Ramseur's Brigade Tablet image. Click for full size.
By Craig Swain, November 1, 2008
3. Ramseur's Brigade Tablet
to push the enemy in front. This was done. The enemy seeing his right flank turned, made but feeble resistance to the front attack, but ran off the field in confusion, leaving his killed and wounded and between 800 and 900 prisoners in our hands. The enemy was pushed through Gettysburg to the heights beyond, when I received an order to halt, and form line of battle in a street in Gettysburg running east and west.
(Submitted on January 17, 2009, by Craig Swain of Leesburg, Virginia.) 
 
Categories. War, US Civil
 
Ramseur's Brigade Marker image. Click for full size.
By Brian Scott, September 23, 2015
4. Ramseur's Brigade Marker
Ramseur's Brigade Arrives image. Click for full size.
By Craig Swain, November 1, 2008
5. Ramseur's Brigade Arrives
Looking from Mummasburg Road toward the Eternal Light Peace Memorial (on the right). The tablet is just left of center here, with Ewell's Corps Tablet on the left. Ramseur's Brigade arrived as the reserve for Rodes's Division, behind Daniel's, Iverson's, and O'Neal's Brigades. Ramseur deployed with the 14th North Carolina touching the Mummasburg Road, the 30th North Carolina to their left, then the 2nd and 4th North Carolina atop the ridge line, roughly behind where the Peace Memorial is today.
14th and 30th North Carolina Attack image. Click for full size.
By Craig Swain, November 1, 2008
6. 14th and 30th North Carolina Attack
Looking east at Oak Ridge, with the observation tower on just left of center. Mummasburg Road is on the left. The 14th and 30th North Carolina, on the right wing of Ramseur's Brigade advanced south of Mummasburg Road and faced the Federal lines on Oak Ridge as they advanced, avoiding the flanking fires that Iverson's men were subjected to earlier.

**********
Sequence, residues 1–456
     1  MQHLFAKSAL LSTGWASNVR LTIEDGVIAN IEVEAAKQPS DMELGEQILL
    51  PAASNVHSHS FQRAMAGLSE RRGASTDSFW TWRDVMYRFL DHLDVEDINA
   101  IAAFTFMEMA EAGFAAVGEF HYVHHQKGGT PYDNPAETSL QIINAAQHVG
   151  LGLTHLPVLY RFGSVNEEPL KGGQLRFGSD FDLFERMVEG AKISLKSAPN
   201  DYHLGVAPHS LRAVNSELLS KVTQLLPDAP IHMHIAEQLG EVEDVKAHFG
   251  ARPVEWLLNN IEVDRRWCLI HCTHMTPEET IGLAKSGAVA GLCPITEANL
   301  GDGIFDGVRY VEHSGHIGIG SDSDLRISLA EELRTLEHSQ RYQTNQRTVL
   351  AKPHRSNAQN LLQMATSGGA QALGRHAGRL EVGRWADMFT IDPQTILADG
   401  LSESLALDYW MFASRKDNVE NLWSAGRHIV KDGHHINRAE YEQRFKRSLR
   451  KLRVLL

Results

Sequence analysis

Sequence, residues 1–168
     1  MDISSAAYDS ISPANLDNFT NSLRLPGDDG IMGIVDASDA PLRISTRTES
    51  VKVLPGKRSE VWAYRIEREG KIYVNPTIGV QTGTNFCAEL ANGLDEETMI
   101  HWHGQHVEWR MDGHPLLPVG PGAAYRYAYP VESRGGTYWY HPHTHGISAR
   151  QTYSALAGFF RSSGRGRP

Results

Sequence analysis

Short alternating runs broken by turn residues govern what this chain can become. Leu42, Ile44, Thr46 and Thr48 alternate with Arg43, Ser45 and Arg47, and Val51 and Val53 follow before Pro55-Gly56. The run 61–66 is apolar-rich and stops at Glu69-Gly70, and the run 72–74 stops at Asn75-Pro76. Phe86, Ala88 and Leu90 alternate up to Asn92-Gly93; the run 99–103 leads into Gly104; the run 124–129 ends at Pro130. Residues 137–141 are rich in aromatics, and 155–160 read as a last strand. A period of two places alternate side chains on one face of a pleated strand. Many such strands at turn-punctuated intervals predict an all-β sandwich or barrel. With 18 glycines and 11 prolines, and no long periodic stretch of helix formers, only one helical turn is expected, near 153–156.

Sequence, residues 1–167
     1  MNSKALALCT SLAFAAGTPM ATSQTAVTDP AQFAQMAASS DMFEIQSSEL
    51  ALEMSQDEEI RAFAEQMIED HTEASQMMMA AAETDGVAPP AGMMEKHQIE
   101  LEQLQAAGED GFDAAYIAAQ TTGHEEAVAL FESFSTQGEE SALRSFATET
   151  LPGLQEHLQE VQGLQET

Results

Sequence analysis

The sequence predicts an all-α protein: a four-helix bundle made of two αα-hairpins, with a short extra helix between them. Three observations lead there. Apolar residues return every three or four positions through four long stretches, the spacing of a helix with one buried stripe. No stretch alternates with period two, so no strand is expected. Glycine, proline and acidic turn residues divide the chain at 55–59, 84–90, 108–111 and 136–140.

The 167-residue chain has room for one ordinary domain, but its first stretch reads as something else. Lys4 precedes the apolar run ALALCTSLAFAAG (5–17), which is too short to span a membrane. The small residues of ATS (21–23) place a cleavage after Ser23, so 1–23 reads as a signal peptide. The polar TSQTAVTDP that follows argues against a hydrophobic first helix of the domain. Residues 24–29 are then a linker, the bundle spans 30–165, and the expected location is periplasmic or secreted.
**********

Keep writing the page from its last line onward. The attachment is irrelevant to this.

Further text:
2nd and 4th North Carolina Attack the Federal Right Flank image. Click for full size.
By Craig Swain, November 1, 2008
7. 2nd and 4th North Carolina Attack the Federal Right Flank
Looking toward the Eternal Light Peace Memorial from the east side of the tour road. Exhibits for Confederate artillery are on the right. The left wing of Ramseur's Brigade, along with elements of Doles' and other Brigades attacked down the crest of the ridge line. This attack overlapped the Federal right flank and turned the position, precipitating a general withdraw. The Federal 16th Maine fought a hard delaying action in front of the Confederates to buy time for the withdraw.
 
 
Credits. This page originally submitted on , by Craig Swain of Leesburg, Virginia. This page has been viewed 816 times since then and 88 times this year. Photos:   1. submitted on , by Craig Swain of Leesburg, Virginia.   2. submitted on , by Brian Scott of Anderson, South Carolina.   3. submitted on , by Craig Swain of Leesburg, Virginia.   4. submitted on , by Brian Scott of Anderson, South Carolina.   5, 6, 7. submitted on , by Craig Swain of Leesburg, Virginia. This page was last revised on July 21, 2016.
Paid Advertisement